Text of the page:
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Birthday celebration really brings it home

97-year-old gets to have dinner in the house she was born in

Margaret “Peg” Folgmann celebrates her 97th birthday with Linda and William McDaniel in Conway. The McDaniels now own the house that Folgmann was born in. Submitted photo

Margaret “Peg” Folgmann celebrates her 97th birthday with Linda and William McDaniel in Conway. The McDaniels now own the house that Folgmann was born in. Submitted photo

GREENFIELD — Margaret “Peg” Folgmann spent her 97th birthday with family and friends having dinner in the room she was born in.

“I was so excited,” said Folgmann, who turned 97 on March 21.

The Arbors of Greenfield resident went with her son and granddaughter to the Conway home of Linda and William McDaniel.

The home, which sits in the area of Conway known as Pumpkin Hollow, was the one Folgmann was born in on March 21, 1917.

She was there Friday night, because of a “kind and generous” invitation she said she received from its current owners.

“We had her for dinner on her 95th birthday,” said Linda McDaniel. “She didn’t come last year because she was ill.”

McDaniel said it all started with a knock at the door.

About 20 years ago, Folgmann took a ride with a visiting friend to show that friend where she’d lived when she was born.

Folgmann said she knocked on the McDaniels’ door and a nice couple invited her and her friend in.

“I’ve always been interested in the house,” said Folgmann. “I stopped there several times before Linda and Bill bought it, but they are the ones who pretty much gave me an open invitation.”

Folgmann accepted that invitation and has visited several times over the years, and Linda McDaniel said she and her husband are glad.

“She’s amazing,” said McDaniel. “She’s very outgoing and brings pictures and stories every time she comes. I really look forward to her visits.”

The McDaniels have extended an invitation to Folgmann for dinner on her birthday at their house for the rest of her life.

“They are just so kind and thoughtful,” said Folgmann, who said the dinner conversation always starts with her reminiscing.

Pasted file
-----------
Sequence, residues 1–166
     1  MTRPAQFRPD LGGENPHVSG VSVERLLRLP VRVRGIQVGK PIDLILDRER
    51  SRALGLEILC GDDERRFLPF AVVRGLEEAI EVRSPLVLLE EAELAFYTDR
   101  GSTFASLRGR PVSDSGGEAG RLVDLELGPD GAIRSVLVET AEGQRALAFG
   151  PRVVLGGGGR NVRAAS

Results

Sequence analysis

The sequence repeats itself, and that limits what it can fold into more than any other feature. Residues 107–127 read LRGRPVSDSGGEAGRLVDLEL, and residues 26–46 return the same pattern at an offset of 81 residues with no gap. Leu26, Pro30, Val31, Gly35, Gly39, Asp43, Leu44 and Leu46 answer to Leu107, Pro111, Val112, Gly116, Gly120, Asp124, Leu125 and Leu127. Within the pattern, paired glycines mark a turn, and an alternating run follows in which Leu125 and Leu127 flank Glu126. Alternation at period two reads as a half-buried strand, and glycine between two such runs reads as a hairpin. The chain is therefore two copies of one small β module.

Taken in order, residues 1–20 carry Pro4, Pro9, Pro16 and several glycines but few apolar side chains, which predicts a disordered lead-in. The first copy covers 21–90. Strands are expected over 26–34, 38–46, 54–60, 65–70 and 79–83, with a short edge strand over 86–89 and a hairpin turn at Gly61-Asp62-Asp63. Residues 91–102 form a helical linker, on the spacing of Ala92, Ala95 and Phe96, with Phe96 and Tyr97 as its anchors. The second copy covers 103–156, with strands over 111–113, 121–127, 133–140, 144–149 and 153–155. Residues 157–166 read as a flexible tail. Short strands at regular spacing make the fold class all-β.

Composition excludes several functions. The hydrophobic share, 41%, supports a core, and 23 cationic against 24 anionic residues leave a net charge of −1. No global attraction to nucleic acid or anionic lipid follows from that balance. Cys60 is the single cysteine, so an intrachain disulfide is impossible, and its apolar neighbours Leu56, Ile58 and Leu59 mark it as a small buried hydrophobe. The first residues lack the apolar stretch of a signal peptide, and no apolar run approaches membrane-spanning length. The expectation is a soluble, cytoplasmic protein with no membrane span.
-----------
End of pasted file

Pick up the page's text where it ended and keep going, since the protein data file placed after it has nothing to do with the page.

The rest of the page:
“We had no heat, no running water and no electricity in 1917,” said Folgmann. “We had a pump in the pantry, a fireplace in the dining room and an outhouse in our yard.”

Folgmann said her parents converted the dining room into a birthing room as they started having children, because it was the warmest room in the house. One of the owners after Folgmann’s parents sold the house, converted the room back to a dining room and the McDaniels have kept it that way.

But, Folgmann said, the memories are still there — she doesn’t remember her birth, of course, but heard many stories about it from her parents over the years.

“My parents bought the house around 1916,” said Folgmann. “The deed was signed by (former 30th Pres.) Calvin Coolidge, who was a lawyer in Northampton at the time.”

Folgmann said the house has since been renovated several times, most recently by the McDaniels, who moved there in 1989.

“It’s beautiful,” said Folgmann. “They’ve brought it back closer to what it was like when I lived there.”

Folgmann, her son Fred Eldridge of Conway, and his 22-year-old daughter Molly of Conway enjoyed a chicken and maple dish recently featured on The Recorder’s food page, as well as birthday cake baked by her granddaughter.

Folgmann brought some pictures of herself standing outside the home and everyone had a delightful time.

“We’re so happy to be able to do this,” said McDaniel, who works at Hampshire College and plans to retire in June. “We’ve learned so much about the house and the area over the years. We’ve met people from all over the country and outside of the country — people Peg brought by to see where she was born.”

McDaniel said Folgmann is welcome to stop by any time she’d like, for any reason.

“We love that she has such a deep connection with this house,” said McDaniel. “All these years she’s kept that connection and that’s quite amazing.”

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